Emotionally Invested Property Investors: Bad Idea


By Cam McLellan

I was a heavy metal rock star in the 1980s, or at least that’s what I wanted to be back then. Like business, I find music creative. It’s my outlet. And while my band days are long gone and my hair is much shorter, I still play regularly. Nowadays my captive audience are the kids and my set list consists mostly of wiggles songs.

But what do guitars have to do with property investment?

Emotion, that’s what.

I buy guitars and sometimes I get emotional and I’ll pay too much for them. Why? Because I really want that particular guitar so I’m happy to pay whatever I have to. I don’t avoid telling my wife what I pay. I just mumble sometimes when she asks.

You Need to Keep Emotion Out of Investments

With an investment property, you’re never going to live in it, so you can let go of any emotional connection associated with the purchase.

Conduct your due diligence on the market and area. Stick to your investment criteria and ensure that everything measures up. Then buy.

Remember there are lots of houses out there to buy or build so if you don’t find one that ticks all the boxes right away, move on.

Never look at an investment property as if you might one day live in it. This can lead to a huge mistake.

Most investors buy a property within a 10km radius of their home. Actually, most buy in their own postcode. Why? Because they figure they know the area well so just pop down to the local real estate agent.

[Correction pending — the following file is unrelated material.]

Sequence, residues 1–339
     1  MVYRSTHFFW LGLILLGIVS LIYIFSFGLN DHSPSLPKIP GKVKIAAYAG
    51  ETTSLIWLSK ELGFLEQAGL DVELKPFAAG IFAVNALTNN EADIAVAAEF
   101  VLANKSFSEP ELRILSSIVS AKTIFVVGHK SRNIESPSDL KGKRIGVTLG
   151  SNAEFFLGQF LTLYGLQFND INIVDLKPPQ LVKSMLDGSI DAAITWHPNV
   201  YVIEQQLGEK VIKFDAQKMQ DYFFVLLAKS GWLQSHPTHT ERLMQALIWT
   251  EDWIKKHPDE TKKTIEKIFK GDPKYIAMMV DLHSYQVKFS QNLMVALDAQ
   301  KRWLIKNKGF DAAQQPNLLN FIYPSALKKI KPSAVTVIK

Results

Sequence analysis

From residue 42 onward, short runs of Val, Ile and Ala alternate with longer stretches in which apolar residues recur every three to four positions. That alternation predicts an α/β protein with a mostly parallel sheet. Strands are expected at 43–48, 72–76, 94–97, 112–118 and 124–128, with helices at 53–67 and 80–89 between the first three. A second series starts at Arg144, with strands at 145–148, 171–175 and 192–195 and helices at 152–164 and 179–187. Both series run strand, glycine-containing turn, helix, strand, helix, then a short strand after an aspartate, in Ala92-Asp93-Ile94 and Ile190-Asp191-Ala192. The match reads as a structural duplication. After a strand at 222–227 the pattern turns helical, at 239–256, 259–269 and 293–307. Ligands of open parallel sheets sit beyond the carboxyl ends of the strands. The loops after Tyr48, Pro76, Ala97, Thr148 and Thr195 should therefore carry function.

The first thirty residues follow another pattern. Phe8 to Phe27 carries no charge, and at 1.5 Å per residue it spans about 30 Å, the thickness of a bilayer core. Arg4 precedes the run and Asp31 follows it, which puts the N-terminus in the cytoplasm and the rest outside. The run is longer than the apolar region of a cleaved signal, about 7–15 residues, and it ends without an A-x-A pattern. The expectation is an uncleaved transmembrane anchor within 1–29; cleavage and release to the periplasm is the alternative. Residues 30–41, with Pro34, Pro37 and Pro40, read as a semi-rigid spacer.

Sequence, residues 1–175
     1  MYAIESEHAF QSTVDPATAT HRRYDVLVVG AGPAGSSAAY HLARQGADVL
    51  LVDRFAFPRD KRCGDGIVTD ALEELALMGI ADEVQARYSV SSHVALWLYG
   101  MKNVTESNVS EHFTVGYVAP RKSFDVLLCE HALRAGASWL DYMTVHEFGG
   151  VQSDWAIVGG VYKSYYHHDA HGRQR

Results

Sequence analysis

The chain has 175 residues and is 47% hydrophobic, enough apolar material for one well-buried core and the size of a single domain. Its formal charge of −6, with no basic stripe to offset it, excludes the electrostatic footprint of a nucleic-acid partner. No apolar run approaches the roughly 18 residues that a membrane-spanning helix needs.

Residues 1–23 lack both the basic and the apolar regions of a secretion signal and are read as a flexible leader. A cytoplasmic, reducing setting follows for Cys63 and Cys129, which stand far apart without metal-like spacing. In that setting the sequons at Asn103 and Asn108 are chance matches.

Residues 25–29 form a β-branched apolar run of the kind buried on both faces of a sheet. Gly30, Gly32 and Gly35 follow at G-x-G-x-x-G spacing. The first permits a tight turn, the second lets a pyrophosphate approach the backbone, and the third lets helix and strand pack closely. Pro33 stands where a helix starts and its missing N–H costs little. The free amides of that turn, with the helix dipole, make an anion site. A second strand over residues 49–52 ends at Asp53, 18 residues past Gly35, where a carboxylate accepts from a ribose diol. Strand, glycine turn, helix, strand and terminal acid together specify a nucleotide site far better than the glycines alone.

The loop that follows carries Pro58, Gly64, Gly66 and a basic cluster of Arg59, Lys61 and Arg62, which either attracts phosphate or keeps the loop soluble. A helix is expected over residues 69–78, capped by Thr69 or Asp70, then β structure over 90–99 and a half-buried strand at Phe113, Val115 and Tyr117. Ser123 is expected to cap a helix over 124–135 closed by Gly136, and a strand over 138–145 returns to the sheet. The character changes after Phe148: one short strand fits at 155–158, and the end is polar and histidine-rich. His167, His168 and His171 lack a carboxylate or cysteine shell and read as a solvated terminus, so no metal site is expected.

Hey did you notice that word ‘local’? If you go to your local agency to find a property without doing any research first, you are cutting out 99% of the country’s potential investments.

Don’t get me wrong. I know agents who are real assets when it comes to investing. But let’s not kid ourselves. Agents will always sell to your emotions because it’s the easiest way to make a sale.

If you live in the area, you will hear comments like:

  • It’s a lovely safe area.
  • Doesn’t it feel homely?
  • You’ll most likely get nice tenants
  • You can drive past the house and keep an eye on it.

Don’t fall for any of this jargon. These are emotional hooks. Instead, stick to thorough research, which will inform you that your purchase is a solid investment that meets your strategic criteria.

It’s important to follow a set system when investing. Get to know which stage of the cycle each city market is at. Determine an area which has a good balance of growth and yield. Then select the optimum size and quality property for that area.

My wife Felicity and I own a number of houses that we’ve never seen in person. By following a system that provides checks and measures it gives me control during the due diligence process. This means I can have confidence in my investment choice.

As I mentioned earlier, I pay too much when I get emotional. Everyone does. But if you take the emotion out of the decision, you’ll be happy to walk away. And that means you’ll always get the best deal.

“The deal of a lifetime comes up every week,” my dad told me when I was young. And time and again, he’s been proved right.

When you have a property investing process to follow, you can be sure of your investment decision. This then allows you to take emotion out of the equation.

Remember that if you’re struggling to remove emotion from your property investing or you’re just looking for some friendly advice, OpenCorp can help. You can get in touch with our property or funds experts here.

Rock on!

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